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BBC to Lose £3.2 Billion After UK Government Abandons TV License by 2027

Victor Westerkamp
Victor resides in the Netherlands and writes about freedom and governmental and social changes to the democratic form of nations.
Published: January 19, 2022
Nadine Dorries MP, Secretary of State for Digital, Culture, Media, and Sport, participated in a panel discussion on Oct. 05, 2021. Dorries announced that the Conservative Party-led cabinet will be scrapping the TV License that funds the British Broadcasting Corporation sometime in 2027, while the opposition claims the Secretary seeks to take away attention from the crisis gripping Boris Johnson’s premiership. (IMAGE: IAN FORSYTH/Getty Images)

The UK government has announced that it will abolish the BBC’s TV licensing system by 2027, forcing the national broadcaster to find a new funding model, while the opposition claims the move is intended to shift attention away from Boris Johnson’s failing premiership.

Conservative Party member Nadine Dorries, Secretary of State for Digital, Culture, Media, and Sport announced the cut on her Twitter page on Sunday, Jan. 16.

“This licence fee announcement will be the last,” Dorries said. “The days of the elderly being threatened with prison sentences and bailiffs knocking on doors, are over.”

Dorries referred to incidents where UK citizens, who either fail or refuse to pay an annual fee of  £159 ($216) to fund the broadcaster, faced visits by a bailiff and even prison sentences after they declined to ante up. 

BBC’s TV licensing system

From August 2020, consumers over 75 have to pay for the TV tax unless they are also receiving pension credit, which makes them eligible for a free license, paid for by the BBC.

Anyone, including elderly people, could be fined up to £1,000 ($1,362) for using the benefits without paying the fee with some being sentenced to jail time for failing to pay. In 2018, some 121,000 people were sentenced for dodging the expense, with five individuals ending up in prison.

“Time now to discuss and debate new ways of funding, supporting and selling great British content,” Dorries added, indicating the corporation in the future would have to compete in a more self-sustaining manner similar to subscription-based broadcasting companies like Netflix, Disney+, and Amazon Prime.  

READ MORE: BBC Loses 1 Million Subscribers, Plans to End Free TV for People Aged Above 75

With the repeal of the license, the broadcaster will miss out on £3.2 billion ($4.35 billion) in revenue each year.

Dorries also announced that the license fee will be frozen at its current value of £159 ($216) until 2024 after which, the license fee will be kept below the inflation rate.

Officials estimate that, with the current inflation rate at 5.1 percent, the BBC will have to raise another £2 billion ($2.72 billion) in funding over the next six years.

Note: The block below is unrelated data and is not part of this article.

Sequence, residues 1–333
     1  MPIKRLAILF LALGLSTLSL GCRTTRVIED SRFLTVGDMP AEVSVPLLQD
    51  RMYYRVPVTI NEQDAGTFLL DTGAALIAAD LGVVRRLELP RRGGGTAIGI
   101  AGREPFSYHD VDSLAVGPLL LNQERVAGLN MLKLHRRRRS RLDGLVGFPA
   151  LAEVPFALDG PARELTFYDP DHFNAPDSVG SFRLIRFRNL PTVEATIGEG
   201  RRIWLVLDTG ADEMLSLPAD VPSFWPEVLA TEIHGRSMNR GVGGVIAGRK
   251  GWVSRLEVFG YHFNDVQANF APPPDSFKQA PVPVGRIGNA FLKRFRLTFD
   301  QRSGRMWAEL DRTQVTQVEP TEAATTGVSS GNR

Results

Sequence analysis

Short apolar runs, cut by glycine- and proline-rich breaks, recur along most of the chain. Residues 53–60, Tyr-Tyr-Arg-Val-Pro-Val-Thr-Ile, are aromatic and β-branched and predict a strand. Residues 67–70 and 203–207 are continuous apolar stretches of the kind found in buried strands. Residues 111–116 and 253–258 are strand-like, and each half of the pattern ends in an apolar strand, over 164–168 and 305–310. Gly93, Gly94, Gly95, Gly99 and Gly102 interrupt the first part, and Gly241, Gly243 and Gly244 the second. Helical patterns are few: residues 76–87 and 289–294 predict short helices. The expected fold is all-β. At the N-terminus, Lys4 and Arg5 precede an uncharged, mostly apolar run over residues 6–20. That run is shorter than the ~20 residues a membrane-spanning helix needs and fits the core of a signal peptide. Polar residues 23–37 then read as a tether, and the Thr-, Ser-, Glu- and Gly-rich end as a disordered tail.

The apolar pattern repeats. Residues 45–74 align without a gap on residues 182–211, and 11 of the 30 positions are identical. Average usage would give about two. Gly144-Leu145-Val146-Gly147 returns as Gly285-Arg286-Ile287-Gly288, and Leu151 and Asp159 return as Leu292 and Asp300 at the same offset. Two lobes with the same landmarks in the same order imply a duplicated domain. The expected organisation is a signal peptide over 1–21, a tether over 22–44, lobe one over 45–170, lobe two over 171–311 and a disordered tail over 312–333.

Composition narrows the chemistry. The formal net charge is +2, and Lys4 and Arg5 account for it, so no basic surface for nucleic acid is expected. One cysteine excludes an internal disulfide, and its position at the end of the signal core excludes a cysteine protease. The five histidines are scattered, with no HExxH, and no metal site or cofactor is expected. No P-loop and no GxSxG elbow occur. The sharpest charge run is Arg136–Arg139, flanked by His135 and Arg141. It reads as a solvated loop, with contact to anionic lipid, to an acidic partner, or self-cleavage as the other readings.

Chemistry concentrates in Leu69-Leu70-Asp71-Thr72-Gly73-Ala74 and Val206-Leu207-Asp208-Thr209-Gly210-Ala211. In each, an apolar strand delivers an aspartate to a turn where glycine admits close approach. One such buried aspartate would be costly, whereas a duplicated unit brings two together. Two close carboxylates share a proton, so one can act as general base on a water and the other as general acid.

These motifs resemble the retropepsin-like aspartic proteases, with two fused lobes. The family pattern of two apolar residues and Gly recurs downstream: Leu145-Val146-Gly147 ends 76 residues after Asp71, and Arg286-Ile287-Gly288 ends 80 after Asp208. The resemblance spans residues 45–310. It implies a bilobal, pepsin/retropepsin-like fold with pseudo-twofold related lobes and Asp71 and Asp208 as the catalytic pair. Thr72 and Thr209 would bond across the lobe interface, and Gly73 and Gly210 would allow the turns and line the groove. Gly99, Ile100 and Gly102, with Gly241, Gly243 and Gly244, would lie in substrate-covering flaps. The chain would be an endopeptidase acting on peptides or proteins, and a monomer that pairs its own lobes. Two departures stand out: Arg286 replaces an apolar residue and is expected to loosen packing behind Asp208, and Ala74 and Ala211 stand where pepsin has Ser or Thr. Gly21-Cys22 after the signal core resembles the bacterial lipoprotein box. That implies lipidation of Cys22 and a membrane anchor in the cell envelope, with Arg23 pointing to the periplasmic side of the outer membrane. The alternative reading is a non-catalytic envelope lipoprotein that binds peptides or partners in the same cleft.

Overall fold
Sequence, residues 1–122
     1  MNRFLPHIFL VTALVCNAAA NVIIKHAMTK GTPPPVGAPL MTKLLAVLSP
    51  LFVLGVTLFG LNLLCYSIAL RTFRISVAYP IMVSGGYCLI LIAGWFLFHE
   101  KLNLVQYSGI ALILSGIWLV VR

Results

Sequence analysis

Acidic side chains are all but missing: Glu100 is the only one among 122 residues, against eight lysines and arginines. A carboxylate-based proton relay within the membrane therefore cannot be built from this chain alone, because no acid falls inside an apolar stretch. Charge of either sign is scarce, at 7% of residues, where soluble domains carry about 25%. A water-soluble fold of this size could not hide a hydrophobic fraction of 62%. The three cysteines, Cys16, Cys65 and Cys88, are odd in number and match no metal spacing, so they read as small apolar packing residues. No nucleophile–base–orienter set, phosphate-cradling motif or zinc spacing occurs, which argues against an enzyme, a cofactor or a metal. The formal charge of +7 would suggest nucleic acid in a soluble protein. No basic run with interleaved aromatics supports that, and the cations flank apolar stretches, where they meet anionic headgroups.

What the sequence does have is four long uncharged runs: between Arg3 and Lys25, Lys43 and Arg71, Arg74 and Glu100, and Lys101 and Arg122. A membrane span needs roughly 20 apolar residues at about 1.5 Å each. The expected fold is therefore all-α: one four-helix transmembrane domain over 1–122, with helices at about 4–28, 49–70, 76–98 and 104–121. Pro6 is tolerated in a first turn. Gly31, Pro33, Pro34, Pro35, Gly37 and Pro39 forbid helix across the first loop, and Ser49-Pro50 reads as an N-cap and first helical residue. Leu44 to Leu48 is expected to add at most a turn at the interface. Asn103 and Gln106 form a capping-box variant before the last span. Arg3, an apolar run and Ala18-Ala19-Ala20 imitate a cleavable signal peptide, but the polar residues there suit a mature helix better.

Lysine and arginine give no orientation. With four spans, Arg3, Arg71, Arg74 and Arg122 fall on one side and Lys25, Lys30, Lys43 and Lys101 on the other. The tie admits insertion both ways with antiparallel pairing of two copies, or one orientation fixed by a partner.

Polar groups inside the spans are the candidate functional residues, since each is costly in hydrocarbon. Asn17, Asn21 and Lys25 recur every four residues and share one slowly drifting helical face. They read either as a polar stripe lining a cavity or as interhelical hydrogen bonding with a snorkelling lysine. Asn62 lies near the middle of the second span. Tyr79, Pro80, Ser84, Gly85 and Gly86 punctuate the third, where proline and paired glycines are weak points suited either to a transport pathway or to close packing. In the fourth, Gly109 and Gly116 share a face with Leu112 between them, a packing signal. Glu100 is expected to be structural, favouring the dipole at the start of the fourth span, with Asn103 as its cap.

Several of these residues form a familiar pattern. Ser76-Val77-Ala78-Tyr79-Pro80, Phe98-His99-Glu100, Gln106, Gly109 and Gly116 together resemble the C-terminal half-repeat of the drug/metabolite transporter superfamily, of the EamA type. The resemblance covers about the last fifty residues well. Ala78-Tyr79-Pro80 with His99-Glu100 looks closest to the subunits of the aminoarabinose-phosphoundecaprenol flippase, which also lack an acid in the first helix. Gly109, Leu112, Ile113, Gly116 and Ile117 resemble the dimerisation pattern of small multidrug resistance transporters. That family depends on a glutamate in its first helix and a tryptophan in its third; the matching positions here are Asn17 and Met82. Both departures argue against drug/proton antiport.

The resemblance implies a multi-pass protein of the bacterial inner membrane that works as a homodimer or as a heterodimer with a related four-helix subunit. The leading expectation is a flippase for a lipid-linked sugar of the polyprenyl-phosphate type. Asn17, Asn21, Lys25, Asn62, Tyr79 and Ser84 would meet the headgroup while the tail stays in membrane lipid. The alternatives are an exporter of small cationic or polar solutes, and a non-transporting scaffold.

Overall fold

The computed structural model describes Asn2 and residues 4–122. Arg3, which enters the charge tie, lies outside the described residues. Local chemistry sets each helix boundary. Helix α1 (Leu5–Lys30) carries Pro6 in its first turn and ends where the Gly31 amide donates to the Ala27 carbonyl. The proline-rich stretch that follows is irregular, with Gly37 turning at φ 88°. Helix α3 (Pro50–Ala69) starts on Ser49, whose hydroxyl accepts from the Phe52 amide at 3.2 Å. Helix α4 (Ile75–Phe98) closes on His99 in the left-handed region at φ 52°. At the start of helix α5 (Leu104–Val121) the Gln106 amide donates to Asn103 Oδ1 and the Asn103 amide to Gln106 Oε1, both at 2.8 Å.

Political squabbling

A spokesperson from the BBC commented “Anything less than inflation would put unacceptable pressure on the BBC finances after years of cuts,” Breitbart reported.

The spokesperson also contended  that there are still great reasons to finance anything “the BBC can do for the British public and the creative industries and the UK around the world.”

“There will be a lot of anguished noises about how it will hit popular programs, but they can learn to cut waste like any other business,” the Daily Mail reported citing an unnamed parliamentary backer of Dorries. 

The Dorries supporter added: “It is not yet clear whether the future will be share ownership or subscription, but there will be no more license fee renewals as long as Boris (Johnson) is PM.”

“The new generation of 19- to 34-year-olds are watching YouTube, Netflix, and videos on demand – they don’t watch the BBC, and shouldn’t be forced to pay for it; nor should hard-working households or pensioners,” the ally added.

Meanwhile, Lucy Powell, Labour’s shadow culture secretary accused prime minister Boris Johnson and Dorries of being “hell-bent on attacking this great British institution because they don’t like its journalism.”

Liberal Democrat spokesperson on culture Jamie Stone claimed freezing the license fee would be a “stealth cut of almost £2 billion” that would strain the BBC’s service levels.

“The government must stop this reckless ideological crusade and back off our BBC,” Stone said.

For years, the BBC has been slammed for perceived bias by Britain’s left and right. In 2019 a Norstat poll estimated that almost two-thirds of the British populace judged the broadcaster as being prejudiced.

Dorries has formerly portrayed the BBC as a “Left-wing,” “hypocritical” and “patronizing” organization with too many “dull, boring, male and aging, wig-wearing men.”